Coates Library develops and maintains collections guided by the mission of Trinity University to provide a transformational undergraduate liberal arts and sciences education. We balance this mission with the responsible stewardship of physical, digital, and financial resources.
This Collection Policy outlines various strategies we use to guide the selection, acquisition, and management of materials within a constantly changing scholarship and publishing environment. Therefore, this is only a guide as we continue to adopt new acquisition models to provide economical access to needed academic resources to support the liberal arts and preprofessional curriculum at Trinity University.
Priority is given to materials that support teaching and learning throughout the curriculum and have excellent potential for use by students or faculty members today, not in the future, and not in the abstract. Beyond support for teaching, we may also support the research of current faculty and students by acquiring materials.
Level of Collection Intensity
The library maintains its collection at the instructional support level for both undergraduate and graduate degree disciplines. The instructional support level is described as supporting undergraduate and most graduate instruction, or sustained independent study; that is, adequate to maintain knowledge of a subject required for limited or generalized purposes, of less than research intensity. It includes a wide range of basic monographs, complete collections of works of more important writers, selections from the works of secondary writers, a selection of representative journals, and reference tools and fundamental bibliographical apparatus pertaining to the subject.
* The levels of collecting intensity are based on those developed in the 1980s by the Research Libraries Group (RLG) as part of the RLG Conspectus. Academic libraries around the world have adopted this approach to describing and assessing their collecting activities. The Library of Congress posts the definitions of the various levels at: https://www.loc.gov/acq/devpol/cpc.html
We focus on developing resources that primarily support the university curriculum.
We are responsible for all purchasing decisions and appreciate and encourage requests from faculty, staff, and students.
We support intellectual freedom by presenting diverse viewpoints and avoiding personal bias in our collection development. It is crucial to offer a range of perspectives, particularly on controversial topics.
We strive to provide access to perspectives, voices, and viewpoints that are underrepresented and marginalized, per our library’s statement on diversity, equity and inclusion.
We acquire materials based on demonstrated need, anticipated use, and available funding.
We collect materials in the most useful format for the content, intended use, specific discipline, availability, urgency of need, and price. For example, ebooks may be preferred for whole class use, print for clarity of images.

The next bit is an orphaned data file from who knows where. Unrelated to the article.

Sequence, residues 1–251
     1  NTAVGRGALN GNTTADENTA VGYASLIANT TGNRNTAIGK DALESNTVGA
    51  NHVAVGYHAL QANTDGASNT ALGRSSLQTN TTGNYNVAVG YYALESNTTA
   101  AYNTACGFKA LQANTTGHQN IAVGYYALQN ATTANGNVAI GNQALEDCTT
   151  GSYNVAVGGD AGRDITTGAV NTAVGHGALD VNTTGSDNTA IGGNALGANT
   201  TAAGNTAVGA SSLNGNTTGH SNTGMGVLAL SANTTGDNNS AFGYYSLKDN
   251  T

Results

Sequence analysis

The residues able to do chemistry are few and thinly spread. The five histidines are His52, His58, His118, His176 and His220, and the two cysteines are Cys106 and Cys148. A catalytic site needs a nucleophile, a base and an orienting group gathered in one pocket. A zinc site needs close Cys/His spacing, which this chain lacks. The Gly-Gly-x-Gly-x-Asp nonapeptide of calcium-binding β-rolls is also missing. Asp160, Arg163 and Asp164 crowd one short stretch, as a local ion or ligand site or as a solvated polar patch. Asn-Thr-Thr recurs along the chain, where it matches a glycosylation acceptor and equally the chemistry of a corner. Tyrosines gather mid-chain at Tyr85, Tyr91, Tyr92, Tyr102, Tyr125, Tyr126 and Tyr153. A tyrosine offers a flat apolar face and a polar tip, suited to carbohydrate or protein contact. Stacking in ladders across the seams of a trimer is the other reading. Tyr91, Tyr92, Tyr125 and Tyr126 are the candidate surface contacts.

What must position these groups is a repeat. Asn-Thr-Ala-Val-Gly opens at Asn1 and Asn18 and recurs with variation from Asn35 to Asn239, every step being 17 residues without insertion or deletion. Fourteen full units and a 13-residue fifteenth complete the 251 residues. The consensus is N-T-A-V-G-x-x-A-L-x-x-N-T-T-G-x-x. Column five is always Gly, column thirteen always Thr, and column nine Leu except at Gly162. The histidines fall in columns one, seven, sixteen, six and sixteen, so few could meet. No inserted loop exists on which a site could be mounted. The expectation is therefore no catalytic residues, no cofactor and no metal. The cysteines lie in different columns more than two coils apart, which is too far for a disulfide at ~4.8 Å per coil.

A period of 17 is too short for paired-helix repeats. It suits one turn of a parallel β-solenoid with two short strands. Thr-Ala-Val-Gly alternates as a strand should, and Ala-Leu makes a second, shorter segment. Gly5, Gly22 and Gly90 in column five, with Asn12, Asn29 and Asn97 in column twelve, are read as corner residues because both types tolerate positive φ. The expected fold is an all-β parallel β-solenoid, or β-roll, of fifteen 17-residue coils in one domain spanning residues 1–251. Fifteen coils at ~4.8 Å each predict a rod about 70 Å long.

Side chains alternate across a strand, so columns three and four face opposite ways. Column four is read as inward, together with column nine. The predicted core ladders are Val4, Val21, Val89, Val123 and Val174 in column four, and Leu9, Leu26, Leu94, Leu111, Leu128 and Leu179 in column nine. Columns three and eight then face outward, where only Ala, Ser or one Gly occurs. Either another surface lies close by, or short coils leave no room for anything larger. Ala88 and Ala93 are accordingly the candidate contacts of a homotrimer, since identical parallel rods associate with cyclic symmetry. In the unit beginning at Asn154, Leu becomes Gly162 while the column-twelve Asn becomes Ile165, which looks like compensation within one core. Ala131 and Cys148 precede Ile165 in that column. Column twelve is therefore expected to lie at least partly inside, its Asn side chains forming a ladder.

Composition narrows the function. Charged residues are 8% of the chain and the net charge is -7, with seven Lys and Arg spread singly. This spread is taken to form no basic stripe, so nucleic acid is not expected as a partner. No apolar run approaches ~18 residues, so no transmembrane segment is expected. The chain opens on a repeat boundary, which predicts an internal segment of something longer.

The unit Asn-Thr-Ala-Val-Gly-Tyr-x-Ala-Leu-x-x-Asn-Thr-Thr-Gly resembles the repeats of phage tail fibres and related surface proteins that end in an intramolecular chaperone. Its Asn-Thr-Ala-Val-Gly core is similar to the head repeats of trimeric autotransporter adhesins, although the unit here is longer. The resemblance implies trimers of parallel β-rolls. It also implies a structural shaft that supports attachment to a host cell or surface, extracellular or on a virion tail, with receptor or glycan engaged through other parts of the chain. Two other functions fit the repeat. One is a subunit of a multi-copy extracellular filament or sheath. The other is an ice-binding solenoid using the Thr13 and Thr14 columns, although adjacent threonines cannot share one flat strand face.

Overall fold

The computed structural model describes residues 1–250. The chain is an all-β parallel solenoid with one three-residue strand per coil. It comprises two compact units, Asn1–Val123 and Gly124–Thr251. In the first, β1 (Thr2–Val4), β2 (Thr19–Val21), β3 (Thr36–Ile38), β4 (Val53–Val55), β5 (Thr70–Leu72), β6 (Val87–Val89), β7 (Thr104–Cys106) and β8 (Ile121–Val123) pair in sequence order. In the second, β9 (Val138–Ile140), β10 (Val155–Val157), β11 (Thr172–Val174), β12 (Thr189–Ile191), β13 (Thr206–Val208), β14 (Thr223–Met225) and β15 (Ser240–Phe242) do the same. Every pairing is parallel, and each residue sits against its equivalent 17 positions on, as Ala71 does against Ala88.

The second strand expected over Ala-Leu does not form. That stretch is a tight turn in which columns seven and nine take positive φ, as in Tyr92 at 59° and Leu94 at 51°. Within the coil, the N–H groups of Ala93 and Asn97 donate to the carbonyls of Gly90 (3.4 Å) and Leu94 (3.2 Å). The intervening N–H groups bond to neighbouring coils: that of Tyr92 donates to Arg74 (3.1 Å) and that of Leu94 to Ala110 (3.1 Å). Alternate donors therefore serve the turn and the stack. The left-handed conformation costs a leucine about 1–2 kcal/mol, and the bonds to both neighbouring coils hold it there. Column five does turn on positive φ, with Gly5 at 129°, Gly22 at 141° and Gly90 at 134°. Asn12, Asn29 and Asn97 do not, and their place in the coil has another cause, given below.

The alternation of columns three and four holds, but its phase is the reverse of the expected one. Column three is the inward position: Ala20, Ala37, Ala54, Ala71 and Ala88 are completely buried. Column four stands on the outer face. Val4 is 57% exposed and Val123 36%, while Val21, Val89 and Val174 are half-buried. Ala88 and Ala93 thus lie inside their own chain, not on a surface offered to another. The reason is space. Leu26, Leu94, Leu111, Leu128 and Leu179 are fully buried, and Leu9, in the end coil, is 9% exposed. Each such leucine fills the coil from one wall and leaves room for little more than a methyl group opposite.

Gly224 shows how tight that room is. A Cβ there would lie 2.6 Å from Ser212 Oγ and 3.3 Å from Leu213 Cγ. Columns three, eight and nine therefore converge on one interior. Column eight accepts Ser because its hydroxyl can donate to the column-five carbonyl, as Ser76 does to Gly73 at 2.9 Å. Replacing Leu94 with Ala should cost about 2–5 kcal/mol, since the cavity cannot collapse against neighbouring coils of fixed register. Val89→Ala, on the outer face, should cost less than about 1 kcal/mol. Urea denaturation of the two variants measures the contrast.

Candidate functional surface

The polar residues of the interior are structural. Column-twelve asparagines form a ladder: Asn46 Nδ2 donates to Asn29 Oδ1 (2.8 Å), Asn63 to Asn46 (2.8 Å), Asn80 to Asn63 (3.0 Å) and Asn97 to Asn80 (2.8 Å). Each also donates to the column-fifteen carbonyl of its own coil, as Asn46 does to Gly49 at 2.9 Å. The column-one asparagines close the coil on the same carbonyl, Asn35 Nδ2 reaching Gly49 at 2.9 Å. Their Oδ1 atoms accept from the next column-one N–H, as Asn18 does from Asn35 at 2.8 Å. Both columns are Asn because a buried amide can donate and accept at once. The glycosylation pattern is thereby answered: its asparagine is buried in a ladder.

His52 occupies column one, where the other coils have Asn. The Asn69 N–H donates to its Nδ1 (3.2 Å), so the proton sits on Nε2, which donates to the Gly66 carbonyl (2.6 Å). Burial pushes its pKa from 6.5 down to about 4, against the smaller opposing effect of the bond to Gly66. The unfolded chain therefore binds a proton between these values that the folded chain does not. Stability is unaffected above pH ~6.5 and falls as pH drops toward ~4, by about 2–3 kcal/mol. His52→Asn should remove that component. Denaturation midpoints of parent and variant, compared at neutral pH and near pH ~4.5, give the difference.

We participate in consortia and cooperative initiatives with other libraries and organizations to ensure we leverage our buying power and gain comprehensive access to scholarly resources.
We actively explore strategic approaches that effectively steward the library’s collection budget to provide information resources and content.
We provide resources (articles, books, journals, databases, etc.) through several methods:
“Just-in-time” models such as pay-per-view, document delivery, and evidence-based book acquisitions (i.e. Sciencedirect, Get-It-Now article delivery, JSTOR ebooks).
For example, we purchase journal articles for patrons as needed when that approach is more economical than subscribing to a journal. Accessing specialized research materials can be achieved through borrowing from other libraries using interlibrary loan services. We also provide quick delivery of articles upon request via document delivery services. These measures enable us to allocate our materials budget towards resources that are in real demand, as opposed to those with only potential use.
The library maintains an active program to purchase recently published books for the collections. The most intense collecting of books is in the humanities, with more selective acquisitions in the social sciences, and very selective ones in the sciences. Decisions about which books we purchase are influenced by many variables, including the holdings of other libraries and the ease with which patrons can borrow books elsewhere that they need for research purposes.
Other ways we provide access to books:
Librarian liaisons routinely order books to build our collections. While librarians are responsible for all purchasing decisions, they appreciate and encourage requests from faculty members and students.
The library evaluates ebook packages from publishers and licenses those that offer a useful and cost-effective strategy for providing access to monographic content.
Our library uses a demand-driven acquisition model, allowing patrons to select the content they want to purchase. Instead of automatically acquiring new ebooks from certain publishers, we load records into our catalog for some new ebooks, providing links for immediate access and viewing. The library only purchases a book when it is used, ensuring that we are making the most of our resources.